Failures are inevitable in services. Service firms have huge opportunity to win back customers who suffer in the first instance. But to achieve this there is a need to broaden the recovery strategy beyond distributive justice (replacement assurance) to include procedural and interaction fairness (simple process and friendly dignified treatment).
Isn’t it true that many firms pay poor attention to the last two aspects in responding to failures?


One thought on “Service Failure, Recovery Management and Justice

  1. Well-written. To give you an example of excellent customer service, I used to work at this bank in Canada where we were trained to always deliver the highest level of customer satisfaction. Once a client approached a teller and the client was in a bit of a hurry as he had a meeting. This was on a Monday morning so he had quickly jumped into the branch to get the limit on his debit card increased. The teller processed the transaction. The entire transaction must have taken about 2 minutes or so. The client had parked his car right outside the branch which happened to be a no-parking zone and he stepped out only to find an officer writing up a parking ticket for him. My manager happened to notice this through her office window. She waited for the officer to finish writing the ticket and as soon as the officer left, she approached the client and asked him what had happened. The client explained that in his rush to get to work, he had thought of withdrawing cash from the drive-through ATM but had forgotten that the limit on his card had been lowered recently. Thus, he had to step inside the branch to ask the teller to raise the withdrawal limit and also provide him with the amount of cash he needed.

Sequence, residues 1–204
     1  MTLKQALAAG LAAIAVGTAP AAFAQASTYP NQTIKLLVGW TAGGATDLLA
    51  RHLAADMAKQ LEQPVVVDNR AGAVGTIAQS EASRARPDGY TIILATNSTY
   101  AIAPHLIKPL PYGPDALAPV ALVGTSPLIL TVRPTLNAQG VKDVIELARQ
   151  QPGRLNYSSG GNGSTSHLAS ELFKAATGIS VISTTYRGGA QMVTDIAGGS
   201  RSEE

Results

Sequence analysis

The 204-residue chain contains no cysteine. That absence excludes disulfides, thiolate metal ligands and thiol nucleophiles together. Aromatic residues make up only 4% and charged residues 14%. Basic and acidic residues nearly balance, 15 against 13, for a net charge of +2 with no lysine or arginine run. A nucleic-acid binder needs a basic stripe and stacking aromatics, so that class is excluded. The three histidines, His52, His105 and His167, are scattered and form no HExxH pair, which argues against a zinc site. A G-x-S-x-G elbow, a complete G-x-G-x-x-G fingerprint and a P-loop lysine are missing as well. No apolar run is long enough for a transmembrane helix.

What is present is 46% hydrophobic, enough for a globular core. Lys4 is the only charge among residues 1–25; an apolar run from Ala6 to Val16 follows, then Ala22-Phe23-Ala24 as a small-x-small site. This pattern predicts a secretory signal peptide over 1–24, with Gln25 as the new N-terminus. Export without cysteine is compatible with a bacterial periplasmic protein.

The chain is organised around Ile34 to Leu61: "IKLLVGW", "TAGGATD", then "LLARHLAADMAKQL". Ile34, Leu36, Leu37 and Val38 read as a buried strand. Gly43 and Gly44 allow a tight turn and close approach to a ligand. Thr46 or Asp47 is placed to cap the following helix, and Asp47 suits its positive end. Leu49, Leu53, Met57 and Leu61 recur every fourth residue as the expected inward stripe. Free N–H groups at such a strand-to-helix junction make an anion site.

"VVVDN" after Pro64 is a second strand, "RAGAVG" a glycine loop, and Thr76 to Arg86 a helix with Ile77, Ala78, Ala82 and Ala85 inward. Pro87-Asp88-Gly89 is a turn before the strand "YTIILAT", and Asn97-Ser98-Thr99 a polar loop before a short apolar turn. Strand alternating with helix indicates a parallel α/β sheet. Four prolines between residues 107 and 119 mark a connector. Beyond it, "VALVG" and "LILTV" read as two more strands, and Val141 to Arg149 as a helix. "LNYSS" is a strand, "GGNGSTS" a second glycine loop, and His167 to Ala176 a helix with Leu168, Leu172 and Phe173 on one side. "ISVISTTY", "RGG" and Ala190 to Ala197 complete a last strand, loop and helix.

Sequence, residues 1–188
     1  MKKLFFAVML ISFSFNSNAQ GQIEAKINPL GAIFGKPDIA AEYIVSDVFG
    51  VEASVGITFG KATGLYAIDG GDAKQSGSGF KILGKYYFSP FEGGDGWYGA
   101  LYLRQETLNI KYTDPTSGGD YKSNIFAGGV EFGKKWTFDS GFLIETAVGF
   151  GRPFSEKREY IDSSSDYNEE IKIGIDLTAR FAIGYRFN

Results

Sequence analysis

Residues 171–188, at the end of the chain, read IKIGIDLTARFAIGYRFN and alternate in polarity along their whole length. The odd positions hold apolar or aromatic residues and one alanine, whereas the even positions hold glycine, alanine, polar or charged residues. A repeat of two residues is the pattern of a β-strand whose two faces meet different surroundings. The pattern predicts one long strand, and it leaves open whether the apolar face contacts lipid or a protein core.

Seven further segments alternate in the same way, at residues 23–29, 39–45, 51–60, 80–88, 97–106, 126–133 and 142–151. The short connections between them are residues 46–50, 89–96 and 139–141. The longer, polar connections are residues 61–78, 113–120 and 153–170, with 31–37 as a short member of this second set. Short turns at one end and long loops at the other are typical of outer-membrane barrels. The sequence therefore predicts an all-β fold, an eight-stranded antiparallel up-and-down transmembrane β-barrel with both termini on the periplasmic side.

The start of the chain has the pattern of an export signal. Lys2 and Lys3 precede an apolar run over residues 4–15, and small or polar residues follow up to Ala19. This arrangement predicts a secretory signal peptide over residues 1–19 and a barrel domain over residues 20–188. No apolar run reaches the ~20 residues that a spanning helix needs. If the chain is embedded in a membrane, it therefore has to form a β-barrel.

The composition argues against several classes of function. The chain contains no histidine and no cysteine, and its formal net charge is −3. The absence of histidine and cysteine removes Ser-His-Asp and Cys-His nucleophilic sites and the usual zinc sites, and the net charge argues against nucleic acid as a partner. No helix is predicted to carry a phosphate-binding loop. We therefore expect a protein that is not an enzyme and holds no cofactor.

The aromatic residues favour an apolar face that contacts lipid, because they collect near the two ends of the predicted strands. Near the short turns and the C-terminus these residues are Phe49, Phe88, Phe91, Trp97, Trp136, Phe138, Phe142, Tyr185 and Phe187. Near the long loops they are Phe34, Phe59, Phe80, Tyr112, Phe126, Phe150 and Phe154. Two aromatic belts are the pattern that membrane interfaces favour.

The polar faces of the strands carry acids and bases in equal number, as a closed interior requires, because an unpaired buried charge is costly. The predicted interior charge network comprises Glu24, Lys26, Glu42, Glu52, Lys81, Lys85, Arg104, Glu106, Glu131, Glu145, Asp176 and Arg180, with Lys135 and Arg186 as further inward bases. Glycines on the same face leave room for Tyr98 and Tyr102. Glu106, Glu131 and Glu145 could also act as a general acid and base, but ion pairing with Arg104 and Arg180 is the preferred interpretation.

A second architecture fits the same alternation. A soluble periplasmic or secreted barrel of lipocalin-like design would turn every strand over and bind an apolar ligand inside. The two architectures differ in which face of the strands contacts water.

My manager invited the client in. The parking ticket was for $40. She looked up his account, and reimbursed $50 into his account and said “I would never want you to associate my branch with this unpleasant experience and I would like to make sure your morning is not upset by this incident. For this reason, the bank would like to reimburse the $40 for the ticket. The extra $10 is for your regular morning cup of coffee (which costs an average of $2) and the remaining $8 for the additional 4 cups of coffee you will buy for your colleagues so that you can share this story over coffee with all of them and distract them from the fact that you are now almost 10 minutes late for your meeting. You bank with us and that makes you family. And we treat our family good.”

    Talk about going the extra mile and being proactive for customer satisfaction.